Pages Menu
Categories Menu

Posted on Jun 12, 2015

10 Indicators That Business Values Might Be Fake

10 Indicators That Business Values Might Be Fake

Many companies have stated values. Maybe your company does too.

The top five most common values are:

  • Integrity (or Ethics)
  • Respect (or Trust)
  • Excellence (or Quality)
  • Responsibility (or Accountability)
  • Teamwork (or Collaboration)

Companies often display their values on a wall or highly visible place in the office.


If decisions and/or behaviors occur that do not support these values, employees will consider the stated values as fake.

Fake = not genuine; a forgery or sham

This impacts more than employees. Customers, suppliers, and even investors might consider business promises as untrustworthy. This in turn reduces brand equity.

Who wants to be associated with a fake?

So how can you tell if the values of a business might be fake?

10 Indicators That Business Values Might Be Fake

  1. Questionable decisions are justified, “If we don’t do this, we’ll go out of business. Any time decisions or behaviors are justified for “the sake of the business”, a big yellow caution flag should be waved in the air.
  2. Senior leaders or select individuals appear to be exempt from stated policies. When certain individuals, regardless of the stated reasons, don’t have to follow the same rules as everyone else, you might be smelling fake.
  3. Managers brush off questionable behavior stating, “It’s no big deal.” A “brush off” may indicate values are being purposefully ignored, making them fake.
  4. Employees feel scared or intimidated to question management decisions. It’s everyone’s job to hold others accountable to stated values. If someone is scared to raise their hand, fake is likely in the air.
  5. Others groan or roll their eyes when someone references the company values. Values should be treated as a serious evaluation tool. When others belittle their reference, fake has already set in.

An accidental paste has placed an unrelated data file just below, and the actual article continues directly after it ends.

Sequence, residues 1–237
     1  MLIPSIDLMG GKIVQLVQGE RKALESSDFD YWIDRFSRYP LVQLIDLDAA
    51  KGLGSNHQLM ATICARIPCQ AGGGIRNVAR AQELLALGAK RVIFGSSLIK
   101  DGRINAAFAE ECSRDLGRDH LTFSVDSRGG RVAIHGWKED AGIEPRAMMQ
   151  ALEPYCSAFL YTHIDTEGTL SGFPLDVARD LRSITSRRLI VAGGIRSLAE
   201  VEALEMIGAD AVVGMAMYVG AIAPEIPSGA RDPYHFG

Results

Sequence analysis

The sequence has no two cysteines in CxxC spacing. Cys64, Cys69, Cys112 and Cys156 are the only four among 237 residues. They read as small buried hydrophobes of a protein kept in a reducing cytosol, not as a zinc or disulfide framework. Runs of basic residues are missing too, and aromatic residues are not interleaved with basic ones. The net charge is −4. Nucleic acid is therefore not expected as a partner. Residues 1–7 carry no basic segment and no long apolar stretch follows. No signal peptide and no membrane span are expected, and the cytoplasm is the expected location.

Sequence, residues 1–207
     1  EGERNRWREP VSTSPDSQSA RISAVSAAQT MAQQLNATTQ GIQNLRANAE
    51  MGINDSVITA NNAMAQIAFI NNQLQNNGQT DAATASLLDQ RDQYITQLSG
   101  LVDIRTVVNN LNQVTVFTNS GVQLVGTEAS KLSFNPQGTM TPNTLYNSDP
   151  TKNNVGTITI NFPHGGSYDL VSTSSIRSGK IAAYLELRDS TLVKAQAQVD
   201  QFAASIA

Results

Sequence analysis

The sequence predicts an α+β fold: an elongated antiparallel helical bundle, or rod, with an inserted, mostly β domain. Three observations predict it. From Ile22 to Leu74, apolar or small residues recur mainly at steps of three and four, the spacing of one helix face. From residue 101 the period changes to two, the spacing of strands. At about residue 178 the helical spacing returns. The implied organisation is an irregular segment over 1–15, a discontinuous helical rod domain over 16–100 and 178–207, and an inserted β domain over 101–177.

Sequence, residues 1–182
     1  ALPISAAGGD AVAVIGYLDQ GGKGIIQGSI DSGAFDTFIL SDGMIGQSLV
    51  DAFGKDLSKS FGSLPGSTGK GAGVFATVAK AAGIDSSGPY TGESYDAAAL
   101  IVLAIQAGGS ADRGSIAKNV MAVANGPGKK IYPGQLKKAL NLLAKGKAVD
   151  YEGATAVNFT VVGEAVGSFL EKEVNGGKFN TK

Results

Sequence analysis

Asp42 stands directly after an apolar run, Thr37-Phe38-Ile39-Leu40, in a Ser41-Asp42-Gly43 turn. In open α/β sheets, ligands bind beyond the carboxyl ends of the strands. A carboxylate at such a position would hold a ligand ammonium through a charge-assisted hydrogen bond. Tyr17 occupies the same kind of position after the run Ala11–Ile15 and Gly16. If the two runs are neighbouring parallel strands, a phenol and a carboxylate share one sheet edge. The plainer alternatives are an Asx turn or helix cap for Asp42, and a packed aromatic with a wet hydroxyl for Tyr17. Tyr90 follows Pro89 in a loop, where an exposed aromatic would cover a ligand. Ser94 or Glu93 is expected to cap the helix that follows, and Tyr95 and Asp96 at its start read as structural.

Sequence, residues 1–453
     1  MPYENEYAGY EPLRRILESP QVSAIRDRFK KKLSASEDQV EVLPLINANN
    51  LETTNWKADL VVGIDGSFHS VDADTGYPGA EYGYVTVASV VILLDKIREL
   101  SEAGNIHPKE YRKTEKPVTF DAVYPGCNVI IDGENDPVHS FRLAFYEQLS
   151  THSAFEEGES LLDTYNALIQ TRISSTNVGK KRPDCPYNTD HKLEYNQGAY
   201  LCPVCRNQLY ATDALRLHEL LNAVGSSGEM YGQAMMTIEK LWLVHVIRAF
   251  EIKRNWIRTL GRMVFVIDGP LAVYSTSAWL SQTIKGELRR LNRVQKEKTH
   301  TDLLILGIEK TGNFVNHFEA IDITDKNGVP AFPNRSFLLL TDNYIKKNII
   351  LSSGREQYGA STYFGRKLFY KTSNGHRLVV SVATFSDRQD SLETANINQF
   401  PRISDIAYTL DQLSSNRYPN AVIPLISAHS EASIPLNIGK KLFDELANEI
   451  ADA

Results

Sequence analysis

6. Customers are suing the company for unresolved issues or complaints. While lawsuits can happen to any company, if this becomes a normal course of business it’s a good sign that the values are fake.
  7. Suppliers are suing the company for not being paid. If this is viewed as normal business practices, it’s a good sign the company’s values are fake.
  8. Investors are suing the company for poor decision-making. When investors get frustrated with management, and their reasons appear legitimate, they tend to use the court system to show their displeasure. This is a good indicator the company’s values are fake.
  9. Employees are suing the company for how they are being treated. Like investors, if employees don’t feel they have been heard, or are not seeing changes to management decisions or behaviors, they also run to the court system. Such actions almost always suggest the stated values are fake.
  10. Senior leaders are being called before a congressional committee. When a situation gets messy enough or brought into the public eye to garner government attention, the company’s values are most certainly viewed as fake.

So what are some counter-measures to prevent fake values?

Continually reinforce the importance of the company’s stated values.

  • Discuss them in team meetings.
  • Include them in employee reviews.
  • Acknowledge decisions that are aligned with the company’s values.
  • Reward behavior that supports the values.
  • Reprimand anyone (including leaders) that behave or make decisions in violation of stated values (yes, this includes firing them).

If you don’t want your business to be viewed as a fake, encourage everyone associated with the company to treat the stated values with respect.

If the values are treated as real, the company will be treated the same.


What are other signs that a company might have fake values?